The first day of CFSI's 21st Annual National Fire and Emergency Services seminars began with "Emerging Challenges in the Wildland Urban Interface" presented by Tom Harbour, director of fire and aviation management for the U.S. Forest Service.
Harbour talked about the responsibilities of the fire service as wildland fires continue to grow in intensity and devastation. Predicting the increase of natural disasters such as tornados, hurricanes, earthquakes and major wildfires, Harbour said, "We're going to continue to have large, wildland fires in this nation and it's something we are going to have to endure."
Harbour said a focus on educating individuals and communities to manage the potential for wildfires in their area is needed. He emphasized that firefighters are among the most trusted individuals in the nation and they must speak out about the interface issues. "Our mission is to make sure they talk about the right issues and that has to be that individuals and communities must take responsibility for those wildfires," He said.
Harbour explained that in the southeast, the west and the northeast he could "guarantee" that over the next few years there's going to be fire impinging on these homes. "We will continue to see photos of fires burning down hills and citizens gathering their belongings to evacuate their homes," he said.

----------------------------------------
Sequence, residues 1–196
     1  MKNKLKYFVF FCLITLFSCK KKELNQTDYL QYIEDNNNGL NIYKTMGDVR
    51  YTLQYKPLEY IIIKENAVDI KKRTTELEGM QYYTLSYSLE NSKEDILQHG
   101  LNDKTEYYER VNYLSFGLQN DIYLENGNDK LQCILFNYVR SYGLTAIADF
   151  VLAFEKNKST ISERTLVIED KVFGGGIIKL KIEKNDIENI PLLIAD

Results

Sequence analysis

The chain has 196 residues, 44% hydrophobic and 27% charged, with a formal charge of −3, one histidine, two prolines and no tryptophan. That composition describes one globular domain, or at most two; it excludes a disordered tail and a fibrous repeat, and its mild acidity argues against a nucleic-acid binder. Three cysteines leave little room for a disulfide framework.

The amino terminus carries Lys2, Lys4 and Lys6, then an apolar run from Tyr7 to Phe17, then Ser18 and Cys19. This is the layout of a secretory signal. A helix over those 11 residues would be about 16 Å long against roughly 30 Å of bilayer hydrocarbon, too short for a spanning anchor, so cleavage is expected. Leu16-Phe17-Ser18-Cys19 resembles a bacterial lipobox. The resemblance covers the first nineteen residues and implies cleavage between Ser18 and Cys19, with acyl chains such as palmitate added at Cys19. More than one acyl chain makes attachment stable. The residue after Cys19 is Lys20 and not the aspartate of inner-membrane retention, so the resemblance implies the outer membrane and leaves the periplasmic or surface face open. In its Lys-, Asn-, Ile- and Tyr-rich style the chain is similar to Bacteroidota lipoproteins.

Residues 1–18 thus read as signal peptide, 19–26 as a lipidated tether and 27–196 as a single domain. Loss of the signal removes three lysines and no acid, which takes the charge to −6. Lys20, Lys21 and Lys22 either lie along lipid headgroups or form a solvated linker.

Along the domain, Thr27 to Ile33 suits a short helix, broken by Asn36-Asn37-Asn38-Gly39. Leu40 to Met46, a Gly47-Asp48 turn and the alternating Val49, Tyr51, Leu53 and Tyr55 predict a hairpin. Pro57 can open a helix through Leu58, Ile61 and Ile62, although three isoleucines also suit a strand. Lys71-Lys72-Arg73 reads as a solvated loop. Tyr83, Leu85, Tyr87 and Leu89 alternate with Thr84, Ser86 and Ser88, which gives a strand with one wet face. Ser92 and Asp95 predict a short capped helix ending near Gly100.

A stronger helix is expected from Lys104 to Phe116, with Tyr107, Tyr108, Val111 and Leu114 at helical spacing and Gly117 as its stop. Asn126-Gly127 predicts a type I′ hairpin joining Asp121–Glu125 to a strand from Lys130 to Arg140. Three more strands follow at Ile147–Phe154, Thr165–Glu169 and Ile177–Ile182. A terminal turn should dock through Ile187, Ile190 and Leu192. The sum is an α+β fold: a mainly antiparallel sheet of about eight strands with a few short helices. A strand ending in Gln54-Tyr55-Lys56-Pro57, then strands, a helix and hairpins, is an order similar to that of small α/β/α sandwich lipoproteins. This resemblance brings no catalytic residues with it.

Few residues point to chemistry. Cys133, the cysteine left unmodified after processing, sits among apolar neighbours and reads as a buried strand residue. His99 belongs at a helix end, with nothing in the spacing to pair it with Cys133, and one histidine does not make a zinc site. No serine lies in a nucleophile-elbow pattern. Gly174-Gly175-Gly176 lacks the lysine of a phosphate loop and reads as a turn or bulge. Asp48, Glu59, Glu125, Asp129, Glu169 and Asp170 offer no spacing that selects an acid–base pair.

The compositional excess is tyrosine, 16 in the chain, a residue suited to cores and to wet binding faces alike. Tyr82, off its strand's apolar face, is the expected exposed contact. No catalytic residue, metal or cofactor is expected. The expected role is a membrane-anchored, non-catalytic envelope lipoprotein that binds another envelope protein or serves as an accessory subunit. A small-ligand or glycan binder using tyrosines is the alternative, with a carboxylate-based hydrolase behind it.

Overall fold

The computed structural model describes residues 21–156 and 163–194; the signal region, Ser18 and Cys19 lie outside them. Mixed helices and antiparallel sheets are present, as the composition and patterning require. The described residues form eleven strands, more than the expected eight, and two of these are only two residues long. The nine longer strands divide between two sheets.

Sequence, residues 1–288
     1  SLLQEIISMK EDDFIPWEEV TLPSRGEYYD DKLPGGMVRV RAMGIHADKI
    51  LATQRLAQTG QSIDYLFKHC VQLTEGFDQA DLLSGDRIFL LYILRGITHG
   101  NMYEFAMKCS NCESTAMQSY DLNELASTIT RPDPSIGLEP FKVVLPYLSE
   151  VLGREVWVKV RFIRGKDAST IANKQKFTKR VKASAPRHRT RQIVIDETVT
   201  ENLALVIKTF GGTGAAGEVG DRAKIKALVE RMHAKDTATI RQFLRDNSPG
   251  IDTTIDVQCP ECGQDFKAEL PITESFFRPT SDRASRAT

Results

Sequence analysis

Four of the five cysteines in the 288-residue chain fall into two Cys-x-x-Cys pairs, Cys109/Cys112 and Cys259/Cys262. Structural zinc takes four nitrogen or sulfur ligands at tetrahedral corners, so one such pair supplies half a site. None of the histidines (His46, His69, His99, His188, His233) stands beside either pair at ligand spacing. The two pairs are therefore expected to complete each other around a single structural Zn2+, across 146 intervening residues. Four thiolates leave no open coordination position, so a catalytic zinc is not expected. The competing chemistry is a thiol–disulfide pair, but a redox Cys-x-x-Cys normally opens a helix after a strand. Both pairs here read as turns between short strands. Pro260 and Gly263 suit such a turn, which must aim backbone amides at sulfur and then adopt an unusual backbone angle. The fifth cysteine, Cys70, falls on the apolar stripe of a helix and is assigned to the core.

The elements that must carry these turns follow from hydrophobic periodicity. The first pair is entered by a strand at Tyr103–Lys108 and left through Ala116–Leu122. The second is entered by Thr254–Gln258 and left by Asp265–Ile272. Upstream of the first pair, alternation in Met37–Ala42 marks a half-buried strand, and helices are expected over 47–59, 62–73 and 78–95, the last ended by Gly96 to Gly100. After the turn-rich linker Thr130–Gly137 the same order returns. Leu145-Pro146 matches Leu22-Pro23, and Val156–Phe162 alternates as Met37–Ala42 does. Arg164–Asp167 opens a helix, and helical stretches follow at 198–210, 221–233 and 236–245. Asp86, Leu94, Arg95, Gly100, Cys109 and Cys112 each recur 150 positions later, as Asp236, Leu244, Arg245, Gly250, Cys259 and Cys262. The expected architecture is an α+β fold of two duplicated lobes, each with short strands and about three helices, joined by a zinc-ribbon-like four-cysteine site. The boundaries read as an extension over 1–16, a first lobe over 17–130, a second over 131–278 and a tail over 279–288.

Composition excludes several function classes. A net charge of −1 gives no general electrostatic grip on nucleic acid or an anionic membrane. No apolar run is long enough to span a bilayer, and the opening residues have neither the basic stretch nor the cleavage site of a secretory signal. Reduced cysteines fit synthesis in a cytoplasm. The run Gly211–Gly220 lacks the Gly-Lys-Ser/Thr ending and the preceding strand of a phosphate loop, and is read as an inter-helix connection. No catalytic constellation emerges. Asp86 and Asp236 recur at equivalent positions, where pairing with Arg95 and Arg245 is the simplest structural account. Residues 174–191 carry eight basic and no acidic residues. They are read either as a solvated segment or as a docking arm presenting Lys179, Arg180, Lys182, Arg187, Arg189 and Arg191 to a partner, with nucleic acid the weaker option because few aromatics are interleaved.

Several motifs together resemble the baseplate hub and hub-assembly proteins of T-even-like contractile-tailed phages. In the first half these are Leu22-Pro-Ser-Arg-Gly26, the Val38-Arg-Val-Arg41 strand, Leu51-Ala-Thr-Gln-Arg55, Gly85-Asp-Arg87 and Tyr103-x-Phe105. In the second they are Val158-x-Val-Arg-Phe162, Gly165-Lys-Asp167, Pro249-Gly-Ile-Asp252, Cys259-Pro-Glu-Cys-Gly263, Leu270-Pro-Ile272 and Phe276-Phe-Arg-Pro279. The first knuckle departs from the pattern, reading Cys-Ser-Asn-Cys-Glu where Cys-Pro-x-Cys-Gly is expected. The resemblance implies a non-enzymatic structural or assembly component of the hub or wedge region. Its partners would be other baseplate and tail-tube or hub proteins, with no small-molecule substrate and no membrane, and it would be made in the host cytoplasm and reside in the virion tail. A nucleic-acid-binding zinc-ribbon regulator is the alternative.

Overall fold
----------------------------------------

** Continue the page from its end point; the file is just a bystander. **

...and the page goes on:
According to Harbour, more than 90% of the wildland acres that are burned on the federal side come from fires that were not controlled on the initial attack. He also predicted that another 20 million homes will be built in interface areas by 2030. There continues to be a problem with "residual" homes in wildland areas; homes with cedar shake roofs, natural wood designed to fit into the environment and not covered by new standards and codes.
In closing, Harbour said, "We have to design effective, efficient programs that sell themselves. One hundred million citizens are facing this problem."